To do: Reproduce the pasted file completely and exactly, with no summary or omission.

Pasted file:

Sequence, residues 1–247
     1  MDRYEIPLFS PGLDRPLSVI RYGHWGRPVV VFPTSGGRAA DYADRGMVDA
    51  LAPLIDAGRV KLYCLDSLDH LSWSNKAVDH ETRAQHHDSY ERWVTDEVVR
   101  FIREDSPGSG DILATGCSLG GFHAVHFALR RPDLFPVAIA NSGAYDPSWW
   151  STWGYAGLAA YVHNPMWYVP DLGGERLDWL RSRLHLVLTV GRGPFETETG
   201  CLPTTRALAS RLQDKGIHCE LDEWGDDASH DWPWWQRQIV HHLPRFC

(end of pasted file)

Sequence, residues 1–247
     1  MDRYEIPLFS PGLDRPLSVI RYGHWGRPVV VFPTSGGRAA DYADRGMVDA
    51  LAPLIDAGRV KLYCLDSLDH LSWSNKAVDH ETRAQHHDSY ERWVTDEVVR
   101  FIREDSPGSG DILATGCSLG GFHAVHFALR RPDLFPVAIA NSGAYDPSWW
   151  STWGYAGLAA YVHNPMWYVP DLGGERLDWL RSRLHLVLTV GRGPFETETG
   201  CLPTTRALAS RLQDKGIHCE LDEWGDDASH DWPWWQRQIV HHLPRFC